“The Rural Banking Act of 2021 would broaden the rural banks essential financial services to the most marginalized sectors of society thus widening the inclusion of rural communities into the financial sphere,” Ms. Timbol said.

The chair of the House Committee on Banks and Financial Intermediaries said they consider these measures as priorities as they will help the banking sector become more resilient.

“What will really be very beneficial to the banking industry and make them resilient is Agri-Agra Law amendments. It will ease the burden on the banking industry by way of expanding the scope of compliance and really address the root problem of why the banks that really have the resources to lend are unable to comply,” Quirino Rep. and committee chairman Junie E. Cua said in a phone interview.

“We also need to strengthen the rural banking system because they help out smaller entities. We want to provide more funds to the countryside through the Rural Banking Act and through the Cooperative Bank charter amendments, and the amendment of the Agri-Agra,” Mr. Cua added.

A bill seeking to amend the Bank Secrecy Law is up for second reading approval at the House. It is also considered a priority measure for the Senate, according to Senator Grace Poe-Llamanzares.

“There are a lot of pending bills on the Bank Secrecy Law, which need to be deliberated on or passed as the current situation makes it difficult for everyone, especially the ordinary Filipinos, who require the movement of money in and out of the country. The banking sector is very much affected as its core business is deposits, remittances, and settlements,” DBP’s Mr. Herbosa noted.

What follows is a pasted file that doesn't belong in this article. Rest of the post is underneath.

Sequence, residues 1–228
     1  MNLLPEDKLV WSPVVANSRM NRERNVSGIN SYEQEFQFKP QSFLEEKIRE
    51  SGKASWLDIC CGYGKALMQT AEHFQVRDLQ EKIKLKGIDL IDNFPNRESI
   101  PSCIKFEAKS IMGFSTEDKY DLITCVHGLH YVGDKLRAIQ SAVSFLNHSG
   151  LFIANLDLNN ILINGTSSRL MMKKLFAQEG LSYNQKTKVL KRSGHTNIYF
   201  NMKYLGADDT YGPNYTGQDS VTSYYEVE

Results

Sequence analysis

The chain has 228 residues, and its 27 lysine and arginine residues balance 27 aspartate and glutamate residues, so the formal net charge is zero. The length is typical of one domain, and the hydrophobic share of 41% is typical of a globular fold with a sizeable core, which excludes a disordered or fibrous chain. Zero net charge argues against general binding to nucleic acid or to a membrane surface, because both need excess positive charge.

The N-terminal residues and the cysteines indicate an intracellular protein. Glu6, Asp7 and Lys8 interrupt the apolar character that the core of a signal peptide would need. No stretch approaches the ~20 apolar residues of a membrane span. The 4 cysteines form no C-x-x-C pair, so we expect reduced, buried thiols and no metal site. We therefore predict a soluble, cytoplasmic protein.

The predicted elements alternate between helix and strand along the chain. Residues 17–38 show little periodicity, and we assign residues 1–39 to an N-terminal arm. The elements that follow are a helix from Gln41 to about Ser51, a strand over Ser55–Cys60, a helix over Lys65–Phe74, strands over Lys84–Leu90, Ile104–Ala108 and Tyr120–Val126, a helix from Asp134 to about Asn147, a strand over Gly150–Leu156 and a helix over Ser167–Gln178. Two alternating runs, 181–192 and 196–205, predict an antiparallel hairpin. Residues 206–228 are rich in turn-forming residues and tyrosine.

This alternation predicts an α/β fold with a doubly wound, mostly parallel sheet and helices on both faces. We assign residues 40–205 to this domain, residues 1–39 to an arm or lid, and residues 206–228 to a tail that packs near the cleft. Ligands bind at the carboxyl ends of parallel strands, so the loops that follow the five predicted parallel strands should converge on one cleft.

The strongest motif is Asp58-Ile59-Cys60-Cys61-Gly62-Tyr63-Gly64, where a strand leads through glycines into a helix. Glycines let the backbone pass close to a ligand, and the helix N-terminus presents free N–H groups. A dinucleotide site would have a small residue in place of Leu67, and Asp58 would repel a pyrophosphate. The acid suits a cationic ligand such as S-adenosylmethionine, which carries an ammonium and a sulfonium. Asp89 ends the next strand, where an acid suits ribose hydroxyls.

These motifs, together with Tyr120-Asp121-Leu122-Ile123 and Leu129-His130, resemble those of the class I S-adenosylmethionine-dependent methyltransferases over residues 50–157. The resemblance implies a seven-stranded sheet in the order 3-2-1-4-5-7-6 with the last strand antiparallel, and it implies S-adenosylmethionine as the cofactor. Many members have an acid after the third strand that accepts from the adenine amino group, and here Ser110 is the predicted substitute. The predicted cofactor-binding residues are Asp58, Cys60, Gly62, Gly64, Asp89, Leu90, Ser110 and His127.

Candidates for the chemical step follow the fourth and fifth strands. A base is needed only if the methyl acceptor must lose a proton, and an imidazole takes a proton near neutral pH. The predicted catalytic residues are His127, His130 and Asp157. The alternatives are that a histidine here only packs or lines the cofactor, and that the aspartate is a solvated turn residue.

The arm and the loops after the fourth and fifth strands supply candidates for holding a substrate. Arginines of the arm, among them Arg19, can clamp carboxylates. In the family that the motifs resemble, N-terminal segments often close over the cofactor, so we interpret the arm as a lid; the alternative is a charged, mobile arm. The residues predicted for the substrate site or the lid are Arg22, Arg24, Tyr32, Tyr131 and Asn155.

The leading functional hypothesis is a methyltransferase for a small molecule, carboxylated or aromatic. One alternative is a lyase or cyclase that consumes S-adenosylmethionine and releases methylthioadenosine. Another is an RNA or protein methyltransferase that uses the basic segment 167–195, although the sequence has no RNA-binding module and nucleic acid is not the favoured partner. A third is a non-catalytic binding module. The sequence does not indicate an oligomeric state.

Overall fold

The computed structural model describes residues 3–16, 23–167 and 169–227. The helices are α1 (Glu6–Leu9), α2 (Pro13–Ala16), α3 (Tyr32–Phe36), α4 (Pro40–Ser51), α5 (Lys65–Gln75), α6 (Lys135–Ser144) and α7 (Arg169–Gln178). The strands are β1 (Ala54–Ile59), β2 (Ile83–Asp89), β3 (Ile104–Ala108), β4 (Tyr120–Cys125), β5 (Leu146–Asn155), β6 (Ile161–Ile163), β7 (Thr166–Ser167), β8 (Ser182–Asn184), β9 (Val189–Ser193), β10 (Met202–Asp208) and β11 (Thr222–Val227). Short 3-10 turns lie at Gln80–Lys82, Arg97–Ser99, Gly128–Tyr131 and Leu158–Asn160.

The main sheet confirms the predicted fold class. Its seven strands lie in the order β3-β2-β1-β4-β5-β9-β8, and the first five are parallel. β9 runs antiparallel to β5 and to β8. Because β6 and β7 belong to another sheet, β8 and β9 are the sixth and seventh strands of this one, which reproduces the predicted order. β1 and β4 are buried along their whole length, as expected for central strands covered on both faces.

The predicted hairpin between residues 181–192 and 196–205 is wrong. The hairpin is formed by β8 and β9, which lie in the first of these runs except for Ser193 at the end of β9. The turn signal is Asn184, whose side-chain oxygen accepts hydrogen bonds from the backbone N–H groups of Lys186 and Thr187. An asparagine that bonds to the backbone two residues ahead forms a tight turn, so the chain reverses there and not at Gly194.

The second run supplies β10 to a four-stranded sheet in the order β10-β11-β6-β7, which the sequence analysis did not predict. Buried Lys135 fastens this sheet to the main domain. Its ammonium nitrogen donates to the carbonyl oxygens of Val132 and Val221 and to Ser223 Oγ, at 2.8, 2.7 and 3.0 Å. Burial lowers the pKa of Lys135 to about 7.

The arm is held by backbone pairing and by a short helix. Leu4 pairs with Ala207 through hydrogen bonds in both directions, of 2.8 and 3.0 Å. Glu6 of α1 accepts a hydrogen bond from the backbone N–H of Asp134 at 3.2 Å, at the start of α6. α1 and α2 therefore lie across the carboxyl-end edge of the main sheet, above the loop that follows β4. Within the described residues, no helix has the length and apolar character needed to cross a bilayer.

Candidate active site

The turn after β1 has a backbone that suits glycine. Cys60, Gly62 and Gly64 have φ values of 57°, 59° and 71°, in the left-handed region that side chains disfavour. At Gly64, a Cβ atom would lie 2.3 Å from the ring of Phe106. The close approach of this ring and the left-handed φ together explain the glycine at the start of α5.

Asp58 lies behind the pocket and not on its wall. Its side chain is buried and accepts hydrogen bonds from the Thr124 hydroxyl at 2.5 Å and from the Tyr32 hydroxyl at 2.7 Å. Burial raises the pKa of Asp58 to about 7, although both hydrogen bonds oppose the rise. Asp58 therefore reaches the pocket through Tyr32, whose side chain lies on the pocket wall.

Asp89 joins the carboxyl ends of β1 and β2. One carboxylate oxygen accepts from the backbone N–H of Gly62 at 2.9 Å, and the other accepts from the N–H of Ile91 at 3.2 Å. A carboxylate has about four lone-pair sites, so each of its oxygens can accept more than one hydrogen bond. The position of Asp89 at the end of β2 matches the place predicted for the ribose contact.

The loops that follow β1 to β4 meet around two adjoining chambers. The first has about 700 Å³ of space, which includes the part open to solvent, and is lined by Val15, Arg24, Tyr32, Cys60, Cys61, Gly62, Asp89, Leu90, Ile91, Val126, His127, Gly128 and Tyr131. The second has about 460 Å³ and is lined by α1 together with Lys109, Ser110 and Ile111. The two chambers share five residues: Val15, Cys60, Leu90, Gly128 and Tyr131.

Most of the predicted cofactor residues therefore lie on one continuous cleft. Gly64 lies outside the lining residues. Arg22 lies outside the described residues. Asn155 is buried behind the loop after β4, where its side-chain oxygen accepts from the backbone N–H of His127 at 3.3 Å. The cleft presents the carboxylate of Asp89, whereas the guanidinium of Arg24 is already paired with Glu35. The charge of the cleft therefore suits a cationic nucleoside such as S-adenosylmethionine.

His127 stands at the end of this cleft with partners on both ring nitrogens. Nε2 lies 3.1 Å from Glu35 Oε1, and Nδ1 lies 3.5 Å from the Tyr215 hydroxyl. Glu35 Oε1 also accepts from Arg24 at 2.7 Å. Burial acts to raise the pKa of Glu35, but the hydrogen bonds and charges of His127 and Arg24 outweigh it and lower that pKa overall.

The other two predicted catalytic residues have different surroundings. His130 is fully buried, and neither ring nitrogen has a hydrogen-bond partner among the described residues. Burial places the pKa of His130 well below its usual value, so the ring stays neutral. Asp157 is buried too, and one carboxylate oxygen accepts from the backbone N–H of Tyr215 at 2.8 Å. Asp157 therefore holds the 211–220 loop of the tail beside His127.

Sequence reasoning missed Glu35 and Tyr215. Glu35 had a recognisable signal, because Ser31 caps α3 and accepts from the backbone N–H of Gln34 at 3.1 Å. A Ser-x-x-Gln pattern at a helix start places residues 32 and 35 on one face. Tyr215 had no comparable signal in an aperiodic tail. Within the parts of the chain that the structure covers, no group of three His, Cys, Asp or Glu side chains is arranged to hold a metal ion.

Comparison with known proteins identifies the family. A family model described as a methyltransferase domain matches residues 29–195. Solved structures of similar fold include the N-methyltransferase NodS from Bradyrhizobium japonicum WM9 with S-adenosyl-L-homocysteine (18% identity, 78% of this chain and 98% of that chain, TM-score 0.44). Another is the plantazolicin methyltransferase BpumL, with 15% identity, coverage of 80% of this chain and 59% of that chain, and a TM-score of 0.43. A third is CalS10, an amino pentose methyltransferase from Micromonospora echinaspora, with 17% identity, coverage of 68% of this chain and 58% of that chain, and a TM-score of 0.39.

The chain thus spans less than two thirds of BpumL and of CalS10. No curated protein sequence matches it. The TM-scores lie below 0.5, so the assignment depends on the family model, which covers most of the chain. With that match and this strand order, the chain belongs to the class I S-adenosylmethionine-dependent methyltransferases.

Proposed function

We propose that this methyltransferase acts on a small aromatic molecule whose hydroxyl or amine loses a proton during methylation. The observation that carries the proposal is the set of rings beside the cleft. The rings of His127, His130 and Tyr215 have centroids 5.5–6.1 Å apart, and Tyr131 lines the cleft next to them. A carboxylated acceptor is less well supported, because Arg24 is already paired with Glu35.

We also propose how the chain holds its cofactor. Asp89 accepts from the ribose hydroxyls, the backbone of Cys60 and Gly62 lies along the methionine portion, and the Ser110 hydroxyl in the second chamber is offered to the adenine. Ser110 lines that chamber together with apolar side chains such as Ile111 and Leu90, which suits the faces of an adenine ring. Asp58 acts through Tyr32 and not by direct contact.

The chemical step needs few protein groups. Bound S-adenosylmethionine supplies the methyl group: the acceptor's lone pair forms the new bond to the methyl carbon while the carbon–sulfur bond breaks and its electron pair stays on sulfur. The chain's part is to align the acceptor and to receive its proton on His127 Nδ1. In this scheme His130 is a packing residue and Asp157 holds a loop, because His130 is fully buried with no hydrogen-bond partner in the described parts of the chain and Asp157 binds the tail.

Mr. Herbosa also hopes deliberations on the Comprehensive Tax Reform Package (CTRP), as well as the Government Financial Institutions Unified Initiatives to Distressed Enterprises for Economic Recovery (GUIDE) bill, will also be prioritized by Congress.

He said the CTRP will help complete the implementation of the packages of the Tax Reform for Acceleration and Inclusion or TRAIN Law, while the GUIDE bill “will strengthen the capacity of the GFIs to provide the needed assistance to MSMEs (micro, small and medium enterprises), especially the strategically important companies.”

Ms. Poe-Llamanzares added that the Senate is also working on amendments to the Philippine Deposit Insurance Corp. and Philippine Veterans Bank’s charters, as well as the Financial Consumer Protection Act, which the BSP has tagged as a priority measure.

Security Bank’s Mr. Roces said ongoing reforms in the banking sector will help lenders adapt and thrive amid the changing operating environment caused by the pandemic, even beyond the current administration’s term.

“There likely will be a larger engagement by the industry in the digital space, with the use of digital platforms fast-tracked by the community quarantines. There could also be a focus on differentiated client service propositions,” he said.